Very soon after the life of Jesus, his resurrection had a significant impact on the way Christians organised their lives. All the first Christians were Jewish, so they had grown up observing the seventh day of the week as the day on which they worshipped God. But the resurrection of Jesus was so significant that they gathered to worship on the day on which it took place – Sunday, the first day of the week.
It took longer for Easter Sunday to emerge as an annual occasion for celebration of the resurrection. And different countries of the world marked it in a variety of ways and at different times. The dates they chose all related in some way to the Jewish Passover, which was taking place in the week during which Jesus died.
Churches used Easter Day not just to praise God for raising Jesus from the dead, but also to remember those who had been put to death rather than give up their faith that Jesus was God (martyrs). It was also the day on which converts to Christianity, after a period during which they learnt about the life and teaching of Jesus, were baptised dressed in white.
In AD 325 church leaders gathered in Nicaea (modern-day Turkey) and agreed that the date of Easter should be consistent worldwide. Consistent, but not simple! The date they chose was the Sunday following the first full moon after the Spring equinox (when there were equal hours of daylight and night). But the full moon they referred to was a mathematically calculated ‘Paschal full moon’ which sometimes does not match the day when we see it in the sky.
Years of argument preceded and followed this. By 1752 there was a degree of agreement. However, in that year the Western part of the Christian world (including the UK) changed the calendar they used to the more accurate Gregorian calendar. Many parts of the world, notably those in which Orthodox Christians are the largest group, did not change their calendar. All their dates differ from those in the UK, including the date on which Orthodox Christians mark Easter Sunday.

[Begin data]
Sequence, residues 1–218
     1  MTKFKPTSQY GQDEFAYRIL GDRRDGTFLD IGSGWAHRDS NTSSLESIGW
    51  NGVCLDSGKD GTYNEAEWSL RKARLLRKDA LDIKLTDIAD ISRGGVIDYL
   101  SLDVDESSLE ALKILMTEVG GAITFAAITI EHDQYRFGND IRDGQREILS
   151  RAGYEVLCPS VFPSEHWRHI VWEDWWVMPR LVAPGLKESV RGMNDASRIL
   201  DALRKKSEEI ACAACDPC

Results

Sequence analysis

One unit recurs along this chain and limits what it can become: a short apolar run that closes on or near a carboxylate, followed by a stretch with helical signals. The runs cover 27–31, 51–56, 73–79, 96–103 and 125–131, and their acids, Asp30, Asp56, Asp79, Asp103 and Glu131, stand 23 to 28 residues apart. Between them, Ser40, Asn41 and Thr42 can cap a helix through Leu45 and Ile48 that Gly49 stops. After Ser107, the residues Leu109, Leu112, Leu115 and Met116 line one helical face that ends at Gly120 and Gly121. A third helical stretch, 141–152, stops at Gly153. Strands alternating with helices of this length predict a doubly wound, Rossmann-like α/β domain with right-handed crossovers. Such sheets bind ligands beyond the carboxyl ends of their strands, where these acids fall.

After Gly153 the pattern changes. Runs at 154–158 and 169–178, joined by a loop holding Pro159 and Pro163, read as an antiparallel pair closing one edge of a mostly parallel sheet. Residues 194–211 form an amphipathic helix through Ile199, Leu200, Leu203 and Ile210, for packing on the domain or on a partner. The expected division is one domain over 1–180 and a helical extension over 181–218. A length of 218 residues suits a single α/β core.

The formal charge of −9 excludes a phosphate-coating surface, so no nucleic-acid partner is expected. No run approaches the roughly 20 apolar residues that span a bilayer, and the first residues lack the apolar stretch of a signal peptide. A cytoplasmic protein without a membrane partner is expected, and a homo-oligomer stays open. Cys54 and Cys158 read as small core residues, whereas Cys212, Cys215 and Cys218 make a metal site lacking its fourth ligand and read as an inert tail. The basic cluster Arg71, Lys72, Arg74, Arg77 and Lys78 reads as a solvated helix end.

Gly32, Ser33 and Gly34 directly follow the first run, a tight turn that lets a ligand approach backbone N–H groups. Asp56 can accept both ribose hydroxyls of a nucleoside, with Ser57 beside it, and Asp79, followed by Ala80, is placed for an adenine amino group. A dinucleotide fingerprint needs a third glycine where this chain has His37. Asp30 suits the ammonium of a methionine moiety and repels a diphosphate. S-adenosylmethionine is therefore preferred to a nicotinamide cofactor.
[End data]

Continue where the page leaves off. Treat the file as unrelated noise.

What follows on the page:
For over eighty years churches and governments have been working toward fixing the date on the second Sunday of April, but agreement is proving as difficult as ever.
What the Bible says about it
An extract from the Bible:
[Jesus] was handed over to you by God’s set purpose and foreknowledge; and you, with the help of wicked men, put him to death by nailing him to the cross. But God raised him from the dead, freeing him from the agony of death, because it was impossible for death to keep its hold on him.
Where to find it:
About these words:
This is what Peter, one of Jesus’ companions, announced to a crowd in Jerusalem a matter of weeks after his tomb was found to be empty. His words were recorded some forty years later.
And they said…
Hippolytus, poet and theologian executed in Rome, 160-235:
Joy to all creatures,
honour, feasting, delight:
Dark death is destroyed
and life is restored everywhere,
the gates of Heaven are open.
The people of the world below
have risen from the dead,
bringing good news.
What was promised is fulfilled,
from the earth comes singing and dancing.
Isidore, Archbishop of Seville, 560-636:
The Lord’s Day is called this because on that day the joy of our Lord’s resurrection is celebrated.
Sedulius Scotus, Irish poet, about 800-860:
Last night did Christ the Sun rise from the dark,
the mystic harvest of the fields of God …
Inside the church let happy folk
the Alleluia chant a hundredfold.
O Father of thy folk, be thine by right
The Easter joy, the threshold of the light.